Although the prevalence of post-its and felt pens gave it the worrying vibe of a team-building exercise, the variety of fabulous women – many of whom sported glorious amounts of ink and gorgeously vibrant dyed hair – looked thankfully unlike any corporate away-day I’ve ever seen. Friendly as they all were – I was welcomed by Catrina as I came in, who impressively remembered we’d sat next to one another at … birds – I admit I found myself suddenly a bit anxious about inserting myself into one of the little groups, who had clearly got to know one another during earlier sessions (gobby as I can be, I actually find it pretty stressful being among – and, oh god, talking to – groups of people I don’t know.)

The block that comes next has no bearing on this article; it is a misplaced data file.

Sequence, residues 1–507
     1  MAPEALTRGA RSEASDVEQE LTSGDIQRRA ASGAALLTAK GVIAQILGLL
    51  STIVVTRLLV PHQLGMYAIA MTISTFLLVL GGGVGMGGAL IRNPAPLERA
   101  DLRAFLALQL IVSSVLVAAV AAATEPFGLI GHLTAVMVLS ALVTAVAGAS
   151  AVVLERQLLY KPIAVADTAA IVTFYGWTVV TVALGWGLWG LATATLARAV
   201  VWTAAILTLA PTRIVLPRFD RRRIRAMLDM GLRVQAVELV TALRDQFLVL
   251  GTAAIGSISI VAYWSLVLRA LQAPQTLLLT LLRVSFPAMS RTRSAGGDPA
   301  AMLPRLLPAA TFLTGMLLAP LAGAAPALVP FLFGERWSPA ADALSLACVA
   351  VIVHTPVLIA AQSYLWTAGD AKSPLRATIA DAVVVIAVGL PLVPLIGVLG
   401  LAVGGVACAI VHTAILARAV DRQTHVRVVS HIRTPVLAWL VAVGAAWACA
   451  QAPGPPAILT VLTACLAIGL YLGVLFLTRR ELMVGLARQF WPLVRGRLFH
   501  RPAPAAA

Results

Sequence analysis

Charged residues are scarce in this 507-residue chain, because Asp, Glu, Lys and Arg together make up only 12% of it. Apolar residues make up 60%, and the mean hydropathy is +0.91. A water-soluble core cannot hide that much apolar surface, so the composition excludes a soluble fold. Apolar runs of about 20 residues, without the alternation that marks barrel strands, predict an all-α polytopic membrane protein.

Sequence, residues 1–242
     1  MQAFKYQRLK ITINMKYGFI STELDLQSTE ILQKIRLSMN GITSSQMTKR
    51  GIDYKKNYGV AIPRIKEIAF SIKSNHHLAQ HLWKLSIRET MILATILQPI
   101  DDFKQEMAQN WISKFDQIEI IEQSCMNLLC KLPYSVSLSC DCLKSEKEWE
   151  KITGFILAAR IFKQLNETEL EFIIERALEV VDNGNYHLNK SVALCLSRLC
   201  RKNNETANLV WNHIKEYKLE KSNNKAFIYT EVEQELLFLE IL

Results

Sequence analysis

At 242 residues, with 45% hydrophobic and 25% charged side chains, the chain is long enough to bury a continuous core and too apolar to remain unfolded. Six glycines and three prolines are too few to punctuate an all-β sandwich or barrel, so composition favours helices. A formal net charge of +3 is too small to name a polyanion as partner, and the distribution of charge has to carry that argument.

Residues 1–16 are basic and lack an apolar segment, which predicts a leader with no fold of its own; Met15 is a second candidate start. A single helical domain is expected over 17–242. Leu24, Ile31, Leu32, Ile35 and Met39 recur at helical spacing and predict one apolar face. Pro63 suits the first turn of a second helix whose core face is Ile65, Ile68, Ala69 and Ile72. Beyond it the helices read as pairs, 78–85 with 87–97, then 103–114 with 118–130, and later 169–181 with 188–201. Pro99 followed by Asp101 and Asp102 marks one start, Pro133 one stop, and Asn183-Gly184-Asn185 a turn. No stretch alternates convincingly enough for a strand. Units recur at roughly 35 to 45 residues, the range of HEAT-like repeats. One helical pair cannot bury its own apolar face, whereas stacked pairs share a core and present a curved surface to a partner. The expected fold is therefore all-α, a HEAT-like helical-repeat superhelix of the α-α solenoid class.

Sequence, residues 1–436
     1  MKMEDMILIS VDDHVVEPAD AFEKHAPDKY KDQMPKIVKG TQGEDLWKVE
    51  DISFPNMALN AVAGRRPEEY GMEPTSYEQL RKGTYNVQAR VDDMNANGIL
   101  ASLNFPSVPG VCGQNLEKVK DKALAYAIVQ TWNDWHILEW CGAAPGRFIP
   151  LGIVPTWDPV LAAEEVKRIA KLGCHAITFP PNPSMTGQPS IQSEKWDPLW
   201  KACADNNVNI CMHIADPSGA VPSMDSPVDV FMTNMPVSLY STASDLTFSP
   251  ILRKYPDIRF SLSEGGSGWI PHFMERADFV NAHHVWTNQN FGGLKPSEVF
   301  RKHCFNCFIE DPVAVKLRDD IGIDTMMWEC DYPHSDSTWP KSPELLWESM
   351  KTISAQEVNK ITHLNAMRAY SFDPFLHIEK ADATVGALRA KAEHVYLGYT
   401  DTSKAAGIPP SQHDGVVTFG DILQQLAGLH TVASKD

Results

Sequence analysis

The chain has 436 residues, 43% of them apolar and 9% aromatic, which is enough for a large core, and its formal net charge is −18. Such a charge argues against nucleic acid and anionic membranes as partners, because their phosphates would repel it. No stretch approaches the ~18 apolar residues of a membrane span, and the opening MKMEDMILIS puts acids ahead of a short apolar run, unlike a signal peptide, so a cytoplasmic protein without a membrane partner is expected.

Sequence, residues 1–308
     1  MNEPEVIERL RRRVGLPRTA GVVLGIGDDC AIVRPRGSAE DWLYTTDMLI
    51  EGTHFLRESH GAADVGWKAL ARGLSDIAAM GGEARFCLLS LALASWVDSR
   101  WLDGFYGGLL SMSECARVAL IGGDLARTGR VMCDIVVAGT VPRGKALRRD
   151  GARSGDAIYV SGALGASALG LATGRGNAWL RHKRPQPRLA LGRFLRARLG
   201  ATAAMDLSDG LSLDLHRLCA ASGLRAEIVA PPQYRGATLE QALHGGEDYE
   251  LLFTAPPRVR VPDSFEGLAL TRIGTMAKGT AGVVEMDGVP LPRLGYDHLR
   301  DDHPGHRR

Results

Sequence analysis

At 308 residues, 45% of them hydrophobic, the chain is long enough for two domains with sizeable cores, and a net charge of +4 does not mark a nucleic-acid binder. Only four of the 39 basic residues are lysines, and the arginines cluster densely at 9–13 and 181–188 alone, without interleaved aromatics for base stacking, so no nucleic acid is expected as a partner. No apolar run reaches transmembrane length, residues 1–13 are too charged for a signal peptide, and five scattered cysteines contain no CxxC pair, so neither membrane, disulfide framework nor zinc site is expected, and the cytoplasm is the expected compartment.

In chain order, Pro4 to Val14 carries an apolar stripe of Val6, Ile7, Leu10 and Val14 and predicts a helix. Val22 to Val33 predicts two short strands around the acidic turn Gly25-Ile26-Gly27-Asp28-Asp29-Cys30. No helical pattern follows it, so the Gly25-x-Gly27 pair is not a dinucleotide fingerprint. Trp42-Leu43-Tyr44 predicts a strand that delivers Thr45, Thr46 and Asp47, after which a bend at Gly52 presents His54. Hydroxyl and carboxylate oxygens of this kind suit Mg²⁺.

So I decided to let myself settle in by checking out the multi-media exhibition Songlines that was playing in another room. At least then I wouldn’t have to talk to anyone straight away! I’m not usually a fan of multi-media – I’m the one who goes to a gallery, pops my head into any video installation, goes ‘hell no’ and wanders off to find real pictures. But though I went in merely as an anxiety-prevention measure, I was quickly drawn in to the stories of immigrant and refugee women who had relocated into the North East, talking about what the sea meant to them, how it featured in their lives, against a backdrop of a film of waves breaking on the shore that became oddly meditative. (You can read more about it and watch the trailer here.)